Some people consider electronic tuners a crutch, but in loud environments, or for tuning discreetly, they are practical necessity. When I started playing guitar, electronic tuners where kind of expensive, and unless you sprung for the Boss TU-12, they weren't particularly road worthy. But today, the tuner market is pretty much dominated by pedal board based solutions, and the ubiquitous and inexpensive clip-on tuner. Since I spend most of my time playing acoustic instruments without a pickup or transducer, the clip-on is the solution of choice for me.
The first generation of low cost clip-on tuners weren't particularly accurate or durable. They always seemed to stop registering signal well after a while. When the Snark line was introduced, they really seemed to improve both the accuracy and durability problems, and at a bargain basement price. But even improved, they always seemed to eventually stop performing well, but continue to soldier a while before the battery actually died. I assumed the problem was just wear and tear, so that the device no longer made good contact, and stopped being able to detect the vibrations. Wrong.
I finally realized that it was the battery running low that caused the performance drop off. Once the battery got below that point and the performance started to suffer, there was still plenty left to power the tuner for a significant while, just with terrible performance. Once a tuner got a low battery, I would have to remember to swing by a drugstore to pickup a replacement. Buying one or two watch batteries at time at retail is expensive ($3-$5 per battery for a $10-$20 tuner), and I always seemed to find the one drug store that had just run out of that most common of watch batteries, the CR2032. Or I'd forget the number and buy a CR2025 by mistake.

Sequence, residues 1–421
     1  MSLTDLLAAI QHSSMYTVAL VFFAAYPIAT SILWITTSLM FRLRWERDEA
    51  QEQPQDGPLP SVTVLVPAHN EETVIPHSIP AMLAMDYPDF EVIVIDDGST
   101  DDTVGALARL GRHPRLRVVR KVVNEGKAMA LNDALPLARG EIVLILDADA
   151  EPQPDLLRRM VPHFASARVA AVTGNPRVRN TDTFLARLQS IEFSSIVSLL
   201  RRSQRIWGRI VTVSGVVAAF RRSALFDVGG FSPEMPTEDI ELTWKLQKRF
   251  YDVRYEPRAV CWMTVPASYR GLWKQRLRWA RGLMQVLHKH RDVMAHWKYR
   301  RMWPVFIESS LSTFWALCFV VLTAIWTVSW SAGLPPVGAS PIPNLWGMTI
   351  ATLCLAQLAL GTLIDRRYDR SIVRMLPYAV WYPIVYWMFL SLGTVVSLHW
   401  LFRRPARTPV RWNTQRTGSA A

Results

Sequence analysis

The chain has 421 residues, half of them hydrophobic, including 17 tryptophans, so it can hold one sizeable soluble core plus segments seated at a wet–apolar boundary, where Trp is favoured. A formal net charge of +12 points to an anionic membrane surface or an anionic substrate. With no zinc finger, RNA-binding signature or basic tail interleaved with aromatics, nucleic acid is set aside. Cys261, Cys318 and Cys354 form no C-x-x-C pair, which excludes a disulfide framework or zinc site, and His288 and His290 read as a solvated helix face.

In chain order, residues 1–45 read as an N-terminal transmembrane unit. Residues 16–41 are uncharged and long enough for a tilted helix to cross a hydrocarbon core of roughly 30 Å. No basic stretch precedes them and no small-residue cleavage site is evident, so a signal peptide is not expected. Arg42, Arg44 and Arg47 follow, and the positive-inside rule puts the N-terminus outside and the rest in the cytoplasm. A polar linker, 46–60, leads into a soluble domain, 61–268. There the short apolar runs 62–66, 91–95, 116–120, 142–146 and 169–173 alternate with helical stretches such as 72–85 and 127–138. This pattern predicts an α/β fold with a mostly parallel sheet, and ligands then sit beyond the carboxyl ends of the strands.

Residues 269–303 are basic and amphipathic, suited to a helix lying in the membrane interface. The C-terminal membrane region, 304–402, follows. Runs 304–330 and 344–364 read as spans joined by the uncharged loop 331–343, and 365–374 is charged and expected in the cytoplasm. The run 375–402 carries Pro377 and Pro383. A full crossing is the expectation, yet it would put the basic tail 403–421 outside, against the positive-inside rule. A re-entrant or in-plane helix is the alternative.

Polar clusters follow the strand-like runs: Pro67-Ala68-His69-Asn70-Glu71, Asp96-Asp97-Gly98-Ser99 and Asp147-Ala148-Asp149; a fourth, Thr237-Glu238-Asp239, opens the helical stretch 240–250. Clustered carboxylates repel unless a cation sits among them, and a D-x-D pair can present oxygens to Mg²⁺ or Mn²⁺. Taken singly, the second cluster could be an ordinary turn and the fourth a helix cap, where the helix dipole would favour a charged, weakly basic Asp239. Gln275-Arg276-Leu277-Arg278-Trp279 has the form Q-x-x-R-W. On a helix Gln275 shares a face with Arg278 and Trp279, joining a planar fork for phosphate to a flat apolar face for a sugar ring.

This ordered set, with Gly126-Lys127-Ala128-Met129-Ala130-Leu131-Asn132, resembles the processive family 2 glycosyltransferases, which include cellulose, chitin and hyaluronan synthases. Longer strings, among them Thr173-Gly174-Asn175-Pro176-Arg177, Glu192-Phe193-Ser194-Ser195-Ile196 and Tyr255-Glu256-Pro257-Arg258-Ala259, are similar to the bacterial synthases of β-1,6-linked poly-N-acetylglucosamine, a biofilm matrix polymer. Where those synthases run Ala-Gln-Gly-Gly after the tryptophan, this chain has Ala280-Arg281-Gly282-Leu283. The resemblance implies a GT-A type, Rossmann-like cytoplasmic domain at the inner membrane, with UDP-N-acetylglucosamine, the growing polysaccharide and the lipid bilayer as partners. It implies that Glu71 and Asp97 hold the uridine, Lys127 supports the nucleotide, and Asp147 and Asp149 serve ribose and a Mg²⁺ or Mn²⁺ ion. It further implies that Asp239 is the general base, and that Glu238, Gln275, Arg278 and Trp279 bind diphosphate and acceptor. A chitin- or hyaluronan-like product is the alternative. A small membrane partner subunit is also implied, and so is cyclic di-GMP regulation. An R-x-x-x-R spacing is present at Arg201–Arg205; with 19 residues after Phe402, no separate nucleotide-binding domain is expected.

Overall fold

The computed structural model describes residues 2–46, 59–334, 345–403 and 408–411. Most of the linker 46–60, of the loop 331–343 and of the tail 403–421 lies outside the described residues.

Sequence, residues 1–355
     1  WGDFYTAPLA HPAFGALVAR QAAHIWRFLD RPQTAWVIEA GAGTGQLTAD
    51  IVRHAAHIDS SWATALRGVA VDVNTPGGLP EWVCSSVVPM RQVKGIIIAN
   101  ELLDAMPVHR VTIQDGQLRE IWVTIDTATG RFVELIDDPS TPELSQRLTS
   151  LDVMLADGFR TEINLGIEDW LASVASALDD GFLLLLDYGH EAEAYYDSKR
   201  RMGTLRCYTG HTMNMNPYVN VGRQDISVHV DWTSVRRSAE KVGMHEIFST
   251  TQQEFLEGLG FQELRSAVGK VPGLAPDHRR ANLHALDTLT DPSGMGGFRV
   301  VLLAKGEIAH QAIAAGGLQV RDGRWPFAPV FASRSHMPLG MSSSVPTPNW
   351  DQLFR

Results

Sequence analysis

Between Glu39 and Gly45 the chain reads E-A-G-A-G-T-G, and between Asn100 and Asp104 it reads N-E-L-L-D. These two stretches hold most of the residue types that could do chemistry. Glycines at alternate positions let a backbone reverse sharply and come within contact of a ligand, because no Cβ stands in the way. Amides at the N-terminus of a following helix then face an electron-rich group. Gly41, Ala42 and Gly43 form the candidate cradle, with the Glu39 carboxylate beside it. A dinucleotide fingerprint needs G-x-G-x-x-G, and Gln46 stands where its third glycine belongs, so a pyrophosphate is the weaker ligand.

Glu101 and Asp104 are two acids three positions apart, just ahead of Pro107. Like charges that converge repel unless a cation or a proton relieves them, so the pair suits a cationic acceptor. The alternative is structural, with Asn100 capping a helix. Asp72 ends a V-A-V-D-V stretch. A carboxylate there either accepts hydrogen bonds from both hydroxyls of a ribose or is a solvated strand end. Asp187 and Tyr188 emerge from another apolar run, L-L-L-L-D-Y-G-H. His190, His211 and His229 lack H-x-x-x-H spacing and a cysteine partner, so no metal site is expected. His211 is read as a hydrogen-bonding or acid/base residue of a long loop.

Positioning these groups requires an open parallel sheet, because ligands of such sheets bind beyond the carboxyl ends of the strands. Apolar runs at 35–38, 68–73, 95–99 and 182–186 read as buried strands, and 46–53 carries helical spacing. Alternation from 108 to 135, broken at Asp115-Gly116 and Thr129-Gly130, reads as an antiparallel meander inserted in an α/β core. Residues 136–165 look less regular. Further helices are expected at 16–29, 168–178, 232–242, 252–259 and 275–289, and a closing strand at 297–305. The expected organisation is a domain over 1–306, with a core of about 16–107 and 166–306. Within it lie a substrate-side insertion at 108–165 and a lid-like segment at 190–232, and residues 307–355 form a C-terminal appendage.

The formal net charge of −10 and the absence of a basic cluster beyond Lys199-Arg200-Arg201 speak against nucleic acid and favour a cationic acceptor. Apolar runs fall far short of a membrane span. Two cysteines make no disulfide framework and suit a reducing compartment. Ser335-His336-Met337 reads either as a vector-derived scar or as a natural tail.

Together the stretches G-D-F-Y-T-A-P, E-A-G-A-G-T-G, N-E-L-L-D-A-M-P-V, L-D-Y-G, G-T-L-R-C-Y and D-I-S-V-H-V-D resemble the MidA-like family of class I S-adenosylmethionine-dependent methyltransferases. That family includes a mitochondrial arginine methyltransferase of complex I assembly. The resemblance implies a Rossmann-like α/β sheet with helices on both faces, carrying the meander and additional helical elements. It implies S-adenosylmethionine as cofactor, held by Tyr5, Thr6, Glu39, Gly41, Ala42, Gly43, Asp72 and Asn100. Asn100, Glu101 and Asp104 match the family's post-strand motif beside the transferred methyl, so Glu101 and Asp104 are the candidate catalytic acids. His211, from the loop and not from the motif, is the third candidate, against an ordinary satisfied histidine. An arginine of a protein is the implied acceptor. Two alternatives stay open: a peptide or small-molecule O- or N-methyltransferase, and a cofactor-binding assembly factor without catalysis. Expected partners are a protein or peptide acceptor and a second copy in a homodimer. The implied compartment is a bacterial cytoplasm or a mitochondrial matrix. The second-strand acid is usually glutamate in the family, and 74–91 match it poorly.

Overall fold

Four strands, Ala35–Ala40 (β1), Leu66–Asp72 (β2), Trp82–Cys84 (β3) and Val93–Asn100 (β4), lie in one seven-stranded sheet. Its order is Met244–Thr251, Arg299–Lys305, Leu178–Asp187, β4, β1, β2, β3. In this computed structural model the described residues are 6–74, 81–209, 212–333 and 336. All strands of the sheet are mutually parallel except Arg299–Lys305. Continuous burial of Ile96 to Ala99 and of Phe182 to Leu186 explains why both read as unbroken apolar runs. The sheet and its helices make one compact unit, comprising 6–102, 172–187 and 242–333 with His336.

Then I figured out the lifehack that made living with Snarks so much better: buy the batteries in bulk on Amazon! For the cost of two batteries at a drug store, you can get blister packs of TWENTY ($7.96 for 20, instead of $7 for two at Walgreens).
At that price, I basically take one sleeve of batteries and one snark tuner, and keep a set of both in each guitar case. As soon as one of the Snarks starts to act crappy, I just replace the battery, and they go back to working great.
Snarks are easy to leave "On" all the time while playing, so just be mindful of turning it off once you're done will go a long way to improving battery life.
I have also had success with the D'Addario NS Micro Clip-On Tuner. It's super low profile design worked great on the headstock of my 1939 L-5, but didn't really fit well on some of my other guitars. But bear in mind, those use a different battery, the CR2025, but you can get those in blister packs on Amazon as well.